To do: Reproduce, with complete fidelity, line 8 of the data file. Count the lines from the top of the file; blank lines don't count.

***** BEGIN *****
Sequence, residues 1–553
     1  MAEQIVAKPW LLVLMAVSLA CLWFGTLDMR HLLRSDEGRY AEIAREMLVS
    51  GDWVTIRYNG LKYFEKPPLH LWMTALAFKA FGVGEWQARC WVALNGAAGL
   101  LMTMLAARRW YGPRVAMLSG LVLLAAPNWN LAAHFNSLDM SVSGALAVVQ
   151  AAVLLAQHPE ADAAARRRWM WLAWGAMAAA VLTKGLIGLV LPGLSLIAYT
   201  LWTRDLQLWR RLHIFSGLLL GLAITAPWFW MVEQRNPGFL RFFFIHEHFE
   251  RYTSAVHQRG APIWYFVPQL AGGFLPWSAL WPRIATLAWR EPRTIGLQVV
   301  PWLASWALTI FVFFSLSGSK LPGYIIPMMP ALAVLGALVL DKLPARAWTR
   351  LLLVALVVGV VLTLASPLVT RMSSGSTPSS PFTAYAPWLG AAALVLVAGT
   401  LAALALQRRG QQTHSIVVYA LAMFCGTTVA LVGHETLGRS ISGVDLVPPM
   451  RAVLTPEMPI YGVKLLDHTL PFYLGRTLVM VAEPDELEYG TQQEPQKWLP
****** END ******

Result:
   301  PWLASWALTI FVFFSLSGSK LPGYIIPMMP ALAVLGALVL DKLPARAWTR